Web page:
15. #15
    Join Date
    Jul 2005
    Posts
    16,258
    Quote Originally Posted by Swift View Post
    Understandable given modern medicine, but I don't understand why that would be an evolutionary driver in pre-medicine humans.
    Sorry, I didn't intend to offer it as such - just offering some comfort to Darrell for all the inconvenience.

    Grant Hutchison
    Blog

    Note:
    During life, we all develop attitudes and strategies to make our interactions with others more pleasant and useful. If I mention mine here, those comments can apply only to myself, my experiences and my situation. Such remarks cannot and should not be construed as dismissing, denigrating, devaluing or criticizing any different attitudes and strategies that other people have evolved as a result of their different situation and different experiences.

  16. #16
    Join Date
    Jul 2005
    Posts
    16,258
    Seems like there's a research project for someone in this. The original "temperature hypothesis" invokes the fact that aromatase (which converts testosterone to oestrogen) is much more active at body temperature than scrotal temperature. Seems like someone should have looked at the aromatase variants in elephants and hedgehogs, etc, to see what the temperature/activity profiles of their aromatases look like. But I can't find any relevant research. (Albeit, I'm swamped by hits on temperature-dependent sex-determination in reptiles,which involves the same molecule.)

    Grant Hutchison
    Blog

    Note:
    During life, we all develop attitudes and strategies to make our interactions with others more pleasant and useful. If I mention mine here, those comments can apply only to myself, my experiences and my situation. Such remarks cannot and should not be construed as dismissing, denigrating, devaluing or criticizing any different attitudes and strategies that other people have evolved as a result of their different situation and different experiences.

  17. #17
    Join Date
    Feb 2003
    Location
    Depew, NY
    Posts
    11,253
    Quote Originally Posted by grant hutchison View Post
    Seems like there's a research project for someone in this.
    Cue Deadpool style quote.
    Solfe

  18. #18
    Join Date
    Apr 2011
    Location
    Norfolk UK and some of me is in Northern France
    Posts
    7,738
    If testes produce more sperm when a bit cooler, would that not be enough to confer an advantage? I believe quite a large number is still held to be "fertile" a few million just will not do. It also seems possible that fecundity would become socially associated too, becoming a partnering advantage. The social aspect would be more strong in language equipped humans than rhinos and elephants.
    sicut vis videre esto
    When we realize that patterns don't exist in the universe, they are a template that we hold to the universe to make sense of it, it all makes a lot more sense.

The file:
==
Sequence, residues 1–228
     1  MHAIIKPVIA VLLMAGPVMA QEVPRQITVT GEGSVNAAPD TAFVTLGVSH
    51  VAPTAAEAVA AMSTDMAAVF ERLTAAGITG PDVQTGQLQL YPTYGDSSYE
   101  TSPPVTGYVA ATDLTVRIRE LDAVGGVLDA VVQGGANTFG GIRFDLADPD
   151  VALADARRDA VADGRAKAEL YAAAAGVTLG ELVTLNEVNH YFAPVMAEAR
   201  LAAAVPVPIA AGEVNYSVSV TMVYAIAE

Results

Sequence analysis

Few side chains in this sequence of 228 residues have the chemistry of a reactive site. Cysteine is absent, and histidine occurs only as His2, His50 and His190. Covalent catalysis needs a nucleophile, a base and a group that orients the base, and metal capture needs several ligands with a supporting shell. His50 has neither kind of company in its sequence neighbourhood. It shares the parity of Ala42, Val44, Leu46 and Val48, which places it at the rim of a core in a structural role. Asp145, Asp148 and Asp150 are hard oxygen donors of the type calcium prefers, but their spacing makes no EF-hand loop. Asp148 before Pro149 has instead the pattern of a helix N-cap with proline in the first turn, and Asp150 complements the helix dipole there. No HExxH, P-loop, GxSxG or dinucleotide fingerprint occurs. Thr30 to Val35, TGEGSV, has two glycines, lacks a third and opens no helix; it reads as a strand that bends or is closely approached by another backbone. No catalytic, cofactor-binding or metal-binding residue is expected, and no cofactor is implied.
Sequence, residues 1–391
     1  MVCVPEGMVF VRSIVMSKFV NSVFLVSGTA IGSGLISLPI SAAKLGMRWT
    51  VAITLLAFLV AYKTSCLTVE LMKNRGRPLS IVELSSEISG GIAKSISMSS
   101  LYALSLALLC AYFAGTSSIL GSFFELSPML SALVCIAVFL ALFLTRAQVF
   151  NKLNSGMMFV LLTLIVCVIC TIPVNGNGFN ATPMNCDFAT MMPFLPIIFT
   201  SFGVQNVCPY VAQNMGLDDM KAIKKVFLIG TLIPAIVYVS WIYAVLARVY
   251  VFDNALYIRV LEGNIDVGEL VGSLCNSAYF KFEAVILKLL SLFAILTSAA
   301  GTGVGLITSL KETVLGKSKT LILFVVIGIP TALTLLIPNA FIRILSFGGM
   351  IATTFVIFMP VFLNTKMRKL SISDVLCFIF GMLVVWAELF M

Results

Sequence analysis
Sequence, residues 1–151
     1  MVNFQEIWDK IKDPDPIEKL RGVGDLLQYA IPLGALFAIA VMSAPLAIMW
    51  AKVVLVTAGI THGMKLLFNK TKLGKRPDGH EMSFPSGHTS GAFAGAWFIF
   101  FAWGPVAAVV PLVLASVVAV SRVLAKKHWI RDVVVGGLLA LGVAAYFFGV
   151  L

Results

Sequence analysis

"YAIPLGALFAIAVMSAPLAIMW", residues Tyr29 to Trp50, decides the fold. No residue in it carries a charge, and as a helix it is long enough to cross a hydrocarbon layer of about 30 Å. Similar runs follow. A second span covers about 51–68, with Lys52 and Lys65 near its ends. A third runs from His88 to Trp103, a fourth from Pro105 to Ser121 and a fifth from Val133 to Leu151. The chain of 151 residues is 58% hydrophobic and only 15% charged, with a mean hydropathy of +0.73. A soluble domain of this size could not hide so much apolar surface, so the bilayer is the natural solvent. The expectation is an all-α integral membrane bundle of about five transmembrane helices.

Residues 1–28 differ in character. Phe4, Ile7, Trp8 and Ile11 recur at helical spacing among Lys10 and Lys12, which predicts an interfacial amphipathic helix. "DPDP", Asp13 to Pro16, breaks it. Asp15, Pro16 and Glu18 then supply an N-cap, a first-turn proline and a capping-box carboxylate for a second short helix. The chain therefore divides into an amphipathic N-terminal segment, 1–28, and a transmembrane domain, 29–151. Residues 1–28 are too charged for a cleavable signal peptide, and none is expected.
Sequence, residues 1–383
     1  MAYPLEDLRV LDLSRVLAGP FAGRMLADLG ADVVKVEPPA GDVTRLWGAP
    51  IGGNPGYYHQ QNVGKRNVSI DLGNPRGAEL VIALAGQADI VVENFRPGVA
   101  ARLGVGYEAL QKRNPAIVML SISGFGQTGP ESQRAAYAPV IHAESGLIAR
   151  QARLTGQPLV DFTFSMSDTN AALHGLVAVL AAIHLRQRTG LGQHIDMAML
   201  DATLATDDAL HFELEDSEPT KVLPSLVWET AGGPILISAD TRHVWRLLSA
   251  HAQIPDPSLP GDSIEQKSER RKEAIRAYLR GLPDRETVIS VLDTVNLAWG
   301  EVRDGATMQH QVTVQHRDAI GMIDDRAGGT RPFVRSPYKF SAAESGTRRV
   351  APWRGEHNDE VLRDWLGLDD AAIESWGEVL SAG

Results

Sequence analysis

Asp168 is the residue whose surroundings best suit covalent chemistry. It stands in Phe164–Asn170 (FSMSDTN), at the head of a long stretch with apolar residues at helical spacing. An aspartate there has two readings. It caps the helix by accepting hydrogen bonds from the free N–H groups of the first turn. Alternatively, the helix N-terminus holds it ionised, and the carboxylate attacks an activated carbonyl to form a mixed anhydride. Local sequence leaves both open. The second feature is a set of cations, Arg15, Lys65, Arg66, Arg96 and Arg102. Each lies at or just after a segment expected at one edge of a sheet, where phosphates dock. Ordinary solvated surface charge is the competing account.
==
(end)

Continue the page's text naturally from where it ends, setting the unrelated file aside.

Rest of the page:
Originally Posted by Ken G

  19. #19
    Join Date
    Jul 2005
    Posts
    16,258
    Quote Originally Posted by profloater View Post
    If testes produce more sperm when a bit cooler, would that not be enough to confer an advantage? I believe quite a large number is still held to be "fertile" a few million just will not do. It also seems possible that fecundity would become socially associated too, becoming a partnering advantage. The social aspect would be more strong in language equipped humans than rhinos and elephants.
    Why then would a highly social animal like an elephants lack a scrotum, whereas a non-social animal, like a cheetah, has one?

    Grant Hutchison
    Blog

    Note:
    During life, we all develop attitudes and strategies to make our interactions with others more pleasant and useful. If I mention mine here, those comments can apply only to myself, my experiences and my situation. Such remarks cannot and should not be construed as dismissing, denigrating, devaluing or criticizing any different attitudes and strategies that other people have evolved as a result of their different situation and different experiences.

  20. #20
    Join Date
    Jul 2006
    Posts
    12,140
    I've got a half a dozen stories I could contribute to this thread and not a single one I want to repeat in front of librarians and middle schoolers. The latter more than the former.
    Time wasted having fun is not time wasted - Lennon
    (John, not the other one.)

  21. #21
    Join Date
    Jul 2006
    Posts
    12,140
    Scar 'em for life it would.
    Time wasted having fun is not time wasted - Lennon
    (John, not the other one.)

Posting Permissions

  • You may not post new threads
  • You may not post replies
  • You may not post attachments
  • You may not edit your posts
  •